I felt constantly anxious as I was living in this world of chronic pain that totally consumed me. I almost completely lost my appetite so didn’t think about food much — all of my energy was focused on managing whatever disease I was dealing with. In turn, I wasn’t really eating and pretty quickly lost a lot of weight. My chronic disease was invisible but my weight drop was noticeable. While no one could see the pain, everyone seemed to notice how much weight I’d lost. People started commenting on my weight and asking if I was ok. I remember thinking how ironic it was that food was the one thing not on my mind and yet it was the thing everyone assumed was my struggle. I wasn’t worried about my weight at all, I just wanted the pain to go away.
A year later, I was diagnosed with Lyme disease. Lyme is a bacterial infection that you get from being bit by a tick. Traditional messaging — what I grew up hearing — is that it is easy to detect Lyme because the infected person will develop a distinct bullseye rash. That rash is your cue to go to the doctor for quick antibiotic treatment. But in recent years, it’s become more well known that Lyme can be hard to diagnose, often because the traditional rash does not present across all who are infected. And the longer it takes to diagnose Lyme, the harder it becomes to treat it.
I fell into that group of patients that do not receive an early diagnosis. I didn’t have a traditional rash. I instead visited a slew of doctors and specialists’ offices as I was trying to understand what was happening to me. Everybody told me nothing was wrong.
Lyme promotes widespread inflammation and can cause a range of symptoms that manifest differently in each person. I had foot pain, so I visited a podiatrist, got standard imaging done and was told nothing was wrong. I had back pain, so started seeing a chiropractor and paid hundreds of dollars for chiropractic corrections that didn’t help. I eventually landed in a psychiatrist’s office to seek support with the emotional turmoil after a year of dead ends and physical pain. The psychiatrist tried to convince me that this was all just my anxiety. I had a year-long tour of the US healthcare system, visiting all these specialists in their silos, without anyone looking at my body holistically. I’ve since learned that my experience is pretty typical for a Lyme patient, which is really sad.
I was a freshman in college, trying to focus on making new friends while grappling with something serious happening in my body. It was hard. I’m a firm believer in the mind-body connection and believe in techniques like meditation to help promote positive health, but I just knew that wasn’t all that was happening here. I knew the underlying reason for my pain was in my body, even though no doctor could identify anything.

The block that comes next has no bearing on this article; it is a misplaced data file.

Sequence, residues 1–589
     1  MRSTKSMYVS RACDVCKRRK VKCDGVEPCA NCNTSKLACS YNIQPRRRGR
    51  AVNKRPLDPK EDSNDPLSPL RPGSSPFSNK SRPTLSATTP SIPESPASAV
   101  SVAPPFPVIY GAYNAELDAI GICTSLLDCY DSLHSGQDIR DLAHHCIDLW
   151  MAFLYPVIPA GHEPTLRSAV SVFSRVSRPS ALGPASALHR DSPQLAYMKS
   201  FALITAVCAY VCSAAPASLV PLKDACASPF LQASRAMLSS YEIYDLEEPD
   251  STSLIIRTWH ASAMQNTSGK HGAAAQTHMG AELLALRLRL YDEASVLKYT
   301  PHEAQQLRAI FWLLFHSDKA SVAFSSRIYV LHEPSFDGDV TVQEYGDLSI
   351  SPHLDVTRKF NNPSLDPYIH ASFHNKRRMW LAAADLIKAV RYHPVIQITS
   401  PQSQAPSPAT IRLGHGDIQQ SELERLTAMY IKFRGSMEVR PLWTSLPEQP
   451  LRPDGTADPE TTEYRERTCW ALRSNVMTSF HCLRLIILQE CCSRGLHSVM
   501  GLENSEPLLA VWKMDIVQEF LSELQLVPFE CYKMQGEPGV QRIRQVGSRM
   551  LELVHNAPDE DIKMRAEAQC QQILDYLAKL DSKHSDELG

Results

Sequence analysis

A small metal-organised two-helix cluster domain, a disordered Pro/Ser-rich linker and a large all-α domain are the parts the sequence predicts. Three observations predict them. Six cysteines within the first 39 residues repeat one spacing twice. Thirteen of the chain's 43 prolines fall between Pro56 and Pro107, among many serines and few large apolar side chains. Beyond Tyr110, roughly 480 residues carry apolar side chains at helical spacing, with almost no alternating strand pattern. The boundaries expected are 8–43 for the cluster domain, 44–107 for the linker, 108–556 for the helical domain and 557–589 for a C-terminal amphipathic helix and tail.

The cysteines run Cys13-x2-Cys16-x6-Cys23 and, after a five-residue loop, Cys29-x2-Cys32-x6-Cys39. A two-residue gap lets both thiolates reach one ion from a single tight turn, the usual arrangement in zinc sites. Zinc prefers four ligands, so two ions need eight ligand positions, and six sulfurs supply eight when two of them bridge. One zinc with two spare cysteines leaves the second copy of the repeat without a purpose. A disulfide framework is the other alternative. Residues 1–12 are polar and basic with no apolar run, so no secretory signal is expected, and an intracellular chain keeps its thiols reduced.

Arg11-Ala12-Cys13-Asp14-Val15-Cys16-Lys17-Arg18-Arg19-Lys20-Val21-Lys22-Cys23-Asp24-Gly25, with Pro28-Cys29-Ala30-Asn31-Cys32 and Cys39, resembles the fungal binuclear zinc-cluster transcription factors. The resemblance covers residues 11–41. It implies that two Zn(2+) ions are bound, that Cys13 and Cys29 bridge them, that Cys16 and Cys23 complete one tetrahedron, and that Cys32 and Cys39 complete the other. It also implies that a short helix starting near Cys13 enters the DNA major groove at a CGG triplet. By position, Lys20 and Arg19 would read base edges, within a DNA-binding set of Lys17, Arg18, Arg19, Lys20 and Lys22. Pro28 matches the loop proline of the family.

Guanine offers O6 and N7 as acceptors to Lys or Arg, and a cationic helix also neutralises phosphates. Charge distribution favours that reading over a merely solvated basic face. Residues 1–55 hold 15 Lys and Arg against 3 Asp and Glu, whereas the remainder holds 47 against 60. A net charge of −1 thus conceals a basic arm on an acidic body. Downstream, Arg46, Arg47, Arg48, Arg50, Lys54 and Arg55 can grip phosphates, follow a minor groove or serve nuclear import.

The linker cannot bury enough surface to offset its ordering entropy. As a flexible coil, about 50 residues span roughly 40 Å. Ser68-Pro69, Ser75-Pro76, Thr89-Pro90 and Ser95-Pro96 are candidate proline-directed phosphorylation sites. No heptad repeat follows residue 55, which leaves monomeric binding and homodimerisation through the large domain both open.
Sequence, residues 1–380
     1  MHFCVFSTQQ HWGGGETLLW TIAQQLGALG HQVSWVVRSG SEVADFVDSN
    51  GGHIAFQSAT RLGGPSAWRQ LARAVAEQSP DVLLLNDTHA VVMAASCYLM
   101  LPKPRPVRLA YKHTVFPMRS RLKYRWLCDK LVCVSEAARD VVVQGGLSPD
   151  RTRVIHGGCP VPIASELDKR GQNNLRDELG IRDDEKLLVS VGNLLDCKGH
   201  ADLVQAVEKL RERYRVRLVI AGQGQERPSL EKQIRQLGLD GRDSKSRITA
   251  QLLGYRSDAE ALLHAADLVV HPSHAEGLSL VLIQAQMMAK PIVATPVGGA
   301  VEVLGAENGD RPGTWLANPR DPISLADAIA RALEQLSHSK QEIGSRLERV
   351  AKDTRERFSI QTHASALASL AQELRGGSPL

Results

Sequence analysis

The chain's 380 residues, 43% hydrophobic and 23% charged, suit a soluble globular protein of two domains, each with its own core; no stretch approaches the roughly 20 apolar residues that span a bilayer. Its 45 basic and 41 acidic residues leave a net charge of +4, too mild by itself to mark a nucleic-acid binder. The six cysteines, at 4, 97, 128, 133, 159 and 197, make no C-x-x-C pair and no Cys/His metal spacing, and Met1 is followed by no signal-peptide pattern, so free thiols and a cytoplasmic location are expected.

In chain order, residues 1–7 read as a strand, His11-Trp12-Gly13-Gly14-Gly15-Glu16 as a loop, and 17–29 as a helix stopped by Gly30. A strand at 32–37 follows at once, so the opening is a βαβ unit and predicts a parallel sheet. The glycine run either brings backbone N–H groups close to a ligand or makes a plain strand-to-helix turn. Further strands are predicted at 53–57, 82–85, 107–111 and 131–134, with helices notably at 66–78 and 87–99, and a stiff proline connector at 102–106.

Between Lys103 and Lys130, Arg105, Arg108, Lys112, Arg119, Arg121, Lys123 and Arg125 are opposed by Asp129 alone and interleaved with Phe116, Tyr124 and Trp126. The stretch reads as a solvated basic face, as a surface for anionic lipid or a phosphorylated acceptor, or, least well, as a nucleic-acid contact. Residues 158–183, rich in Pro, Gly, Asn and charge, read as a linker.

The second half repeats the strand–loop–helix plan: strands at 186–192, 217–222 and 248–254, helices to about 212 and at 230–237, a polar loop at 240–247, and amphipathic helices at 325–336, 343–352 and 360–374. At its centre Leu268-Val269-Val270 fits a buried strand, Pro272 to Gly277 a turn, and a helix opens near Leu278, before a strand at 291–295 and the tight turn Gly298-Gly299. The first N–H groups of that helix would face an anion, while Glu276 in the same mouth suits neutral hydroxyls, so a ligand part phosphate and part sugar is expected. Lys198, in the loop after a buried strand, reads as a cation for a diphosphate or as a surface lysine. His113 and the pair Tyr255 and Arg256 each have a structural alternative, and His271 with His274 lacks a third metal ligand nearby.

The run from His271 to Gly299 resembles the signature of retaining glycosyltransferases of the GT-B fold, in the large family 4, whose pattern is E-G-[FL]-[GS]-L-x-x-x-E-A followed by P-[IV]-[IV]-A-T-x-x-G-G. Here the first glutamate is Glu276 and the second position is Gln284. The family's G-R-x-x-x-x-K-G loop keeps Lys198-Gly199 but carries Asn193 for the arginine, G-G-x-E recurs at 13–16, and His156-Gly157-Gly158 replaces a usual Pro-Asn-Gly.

I finally started seeing a functional medicine doctor who worked with me holistically, taking into account all of my symptoms and ultimately diagnosing my Lyme. I also found a wonderful therapist who supported me through this “new” diagnosis and all the new questions that it brought up for me. My doctor focused on scaling down any existing inflammation in my body, a path that took us directly to food, something I’d been largely ignoring during this phase of life.
My doctor started testing my immune response to food and we quickly discovered that my Lyme-induced inflammation made me sensitive to most inflammatory foods: gluten, dairy, sugar. She guided me through an elimination diet to see what would happen to my symptoms without these inflammatory foods, and I started thinking a lot about what it means to eat healthy.
At first, I looked for things that mirrored more typical treats that I couldn’t eat anymore — I’d grab a gluten-free cupcake at the grocery store and pat myself on the back. Over the years, I’ve developed a more nuanced relationship with food. I don’t have celiac or an inherent allergy that inhibits me from eating trace amounts of any one thing, which is really lucky. So for my own body, I’ve developed an attitude of focusing on what I do eat rather than what I don’t. I eat a lot of fruits, veggies, and whole grains and not a lot of processed sugar. But if I’m excited about a cookie I see, I’ll eat it. I focus on what I get enjoyment out of instead of what I’m trying to limit or avoid. I’ve found that’s been more sustaining for me and I’ve been lucky to be able to reduce my inflammation significantly with this approach.
Before Lyme, food was always something that brought joy, and I’m really grateful to be back in that place today. Food has played an active role in my life over the last 7 years. My personal food journey actually inspired my public health career. I work to protect access to and strengthen federal food programs so that healthy food is available to more families.
This sounds really cheesy, but I think the most helpful thing to understand when you’re dealing with pain or a diagnosis is that you’re not alone. I don’t always agree with our diagnosis naming approach to medicine; I think so many diseases share similar underlying physiological mechanisms, and putting a name on it can be limiting. But I do think there’s an advantage: it introduces you to a whole community of people who are dealing with a similar experience. One of the first things I did was go online and tap into support groups. I never had the pressure to participate myself, but it was comforting to read stories from others that captured what I was experiencing.
And if food is an important part of your health journey it helps to think about what you can eat instead of what you’re trying to limit. It’s a much more fun way to approach life. There are so many ingredients out there and so many meals you can make that fall into this flexible category of a healthy diet — whatever that means for you."